To say that the political situation between 2007 and 2017 was tumultuous would be an understatement. In this time, we had two changes of government, five Prime Ministers and six leadership changes.
In 2007, Labor’s Kevin Rudd won a landslide victory, unseating the 11-year Howard Government. With a progressive reformist agenda, it seemed there was hope for same sex marriage to be on the agenda.
However, as the years passed, this hope began to dwindle. Rudd, it seemed, was just as conservative as his predecessor in the issue. And politically, as his polls began to slip, he needed to retain the all-important swing seats in Queensland and Western Sydney to keep hold of power – two of the least queer-friendly regions in the country.
Even though the Greens proposed more than five separate bills on the issue during his tenure, a combination of the Prime Minister’s personal position and the Government’s political calculus meant they were all doomed to fail.
In 2010, after a bloody and unexpected leadership spill, Rudd’s deputy Julia Gillard took on the Prime Ministership. After an election later that year, she returned to power with a minority Government, formed with the support of three independent MPs – all from rural Australia.
In what was probably the most frustrating time for the movement politically. We now had a Prime Minister who, by all accounts, personally supported reform but was so hamstrung by the Parliamentary numbers-game, she had to publicly say she was against it.
In 2011, after a strong public campaign, the Labor party national conference voted to change their party platform in support of same sex marriage, allowing MPs a free vote on the issue.
The year after, a joint-party bill was put before Parliament. It was decidedly voted down 98-42, a combination of Liberal MPs being bound to vote against and almost half of the Labor MPs voting no.
This put the issue to bed til the rest of Gillard’s tenure, which only lasted another year until she was ousted by her predecessor, Kevin Rudd.
Rudd took the party to the election, promising marriage equality within the first 100 days of his new Government. He was electorally crushed by conservative heavyweight Tony Abbott.
When Abbott became Prime Minister he promised a plebiscite on the issue of marriage equality, a binding national vote on a piece of legislation. Abbott did not act on this promise for the length of his tenure.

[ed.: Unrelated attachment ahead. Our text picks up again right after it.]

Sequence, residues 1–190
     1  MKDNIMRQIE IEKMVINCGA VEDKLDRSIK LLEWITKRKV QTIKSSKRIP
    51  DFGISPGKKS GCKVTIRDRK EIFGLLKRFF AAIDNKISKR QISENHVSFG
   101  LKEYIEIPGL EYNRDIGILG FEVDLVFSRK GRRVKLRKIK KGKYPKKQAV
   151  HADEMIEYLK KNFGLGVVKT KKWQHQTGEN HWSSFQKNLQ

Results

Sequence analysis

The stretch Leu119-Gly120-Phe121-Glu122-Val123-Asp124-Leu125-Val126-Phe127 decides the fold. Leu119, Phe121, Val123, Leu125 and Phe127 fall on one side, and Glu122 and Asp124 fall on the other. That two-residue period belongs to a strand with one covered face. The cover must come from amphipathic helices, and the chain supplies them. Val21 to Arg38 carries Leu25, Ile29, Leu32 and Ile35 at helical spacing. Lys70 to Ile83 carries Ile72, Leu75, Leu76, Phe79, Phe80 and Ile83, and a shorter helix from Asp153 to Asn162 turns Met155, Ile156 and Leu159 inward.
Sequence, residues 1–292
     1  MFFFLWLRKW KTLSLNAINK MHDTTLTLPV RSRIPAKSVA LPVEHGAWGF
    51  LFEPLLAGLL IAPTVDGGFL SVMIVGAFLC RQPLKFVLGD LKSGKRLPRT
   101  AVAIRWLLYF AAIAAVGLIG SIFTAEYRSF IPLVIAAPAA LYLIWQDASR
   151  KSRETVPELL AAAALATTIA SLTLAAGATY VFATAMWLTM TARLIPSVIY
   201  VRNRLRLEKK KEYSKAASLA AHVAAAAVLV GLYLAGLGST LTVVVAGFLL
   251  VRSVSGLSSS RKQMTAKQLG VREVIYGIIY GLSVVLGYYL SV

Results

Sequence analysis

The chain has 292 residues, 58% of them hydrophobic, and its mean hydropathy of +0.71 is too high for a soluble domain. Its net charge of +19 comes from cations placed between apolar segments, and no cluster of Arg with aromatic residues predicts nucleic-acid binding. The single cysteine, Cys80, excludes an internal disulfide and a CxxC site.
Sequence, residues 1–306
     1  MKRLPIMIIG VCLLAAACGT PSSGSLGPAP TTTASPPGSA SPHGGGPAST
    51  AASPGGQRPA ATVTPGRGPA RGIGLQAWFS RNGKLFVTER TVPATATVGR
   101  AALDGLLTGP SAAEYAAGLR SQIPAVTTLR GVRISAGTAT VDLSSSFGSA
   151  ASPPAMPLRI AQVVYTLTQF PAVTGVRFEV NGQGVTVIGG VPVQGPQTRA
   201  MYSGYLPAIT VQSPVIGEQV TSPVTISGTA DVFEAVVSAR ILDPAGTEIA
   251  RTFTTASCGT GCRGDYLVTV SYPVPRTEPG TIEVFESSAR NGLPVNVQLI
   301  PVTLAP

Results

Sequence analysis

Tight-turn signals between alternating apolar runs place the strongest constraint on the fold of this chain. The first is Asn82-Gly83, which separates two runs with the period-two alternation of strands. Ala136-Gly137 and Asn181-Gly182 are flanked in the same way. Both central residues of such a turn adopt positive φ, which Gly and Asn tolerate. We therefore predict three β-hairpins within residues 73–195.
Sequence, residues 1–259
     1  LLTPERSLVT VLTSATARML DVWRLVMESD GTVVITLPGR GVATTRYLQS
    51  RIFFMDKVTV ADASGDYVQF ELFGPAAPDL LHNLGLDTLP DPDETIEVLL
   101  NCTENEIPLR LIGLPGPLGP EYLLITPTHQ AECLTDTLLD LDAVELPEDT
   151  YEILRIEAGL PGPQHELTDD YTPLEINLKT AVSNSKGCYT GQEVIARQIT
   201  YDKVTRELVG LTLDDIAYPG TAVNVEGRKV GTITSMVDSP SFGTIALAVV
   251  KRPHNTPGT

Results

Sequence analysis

Before Abbott could finish his first term, however, he was disposed of by his moderate Communication Minister Malcolm Turnbull, who won the Prime Ministership with the support of several conservative MPs.
Turnbull was a strong public supporter of marriage equality but was now hamstrung by his conservative party room allies and the commitments the Abbott government had already made.
Labor and the Greens were against a national plebiscite, preferring a free vote so as not to subject the LGBTIQ+ community to unwarranted public scrutiny or persecution. So when the bill for a plebiscite was presented, they blocked it in the Senate.
Wedged between the mounting public pressure and the conservatives in his party room, Turnbull asked the Bureau of Statistics to conduct a national postal survey. It would be non-binding and non-compulsory. Basically, a very expensive poll, which even if passed would have no legislative effect.
This is where the AME movement splintered. Half of the group wanted to oppose the postal survey on constitutional grounds, the other half wanted to just get it over with.
The AME mounted a legal case against the postal survey on two fronts: the effect it would have on the LGBTIQ+ community, and the legality of the appropriation of funds. Both were struck down by the High Court.
The postal survey begins
After the High Court ruling, the Equality Campaign partners had to come together. It was on, and there was too much at stake for in-fighting.
Under campaign director Tiernan Brady, the preparations had been made, the battlelines drawn, troops rallied – we were going to war.
The Equality Campaign conducted extensive quantitative and qualitative research both before and during the Equality campaign.
Quantitative polling on the issue showed us three main things:
- If everyone who could vote did vote, the YES campaign would comfortably win
- People most likely to vote YES were younger people, women and people who live in the inner cities
- Young people, who represent a large segment of the YES vote, are less likely to vote
Similarly, on a qualitative level, the main insights were:
- Most people had fixed view on the issue and saw their vote as a personal choice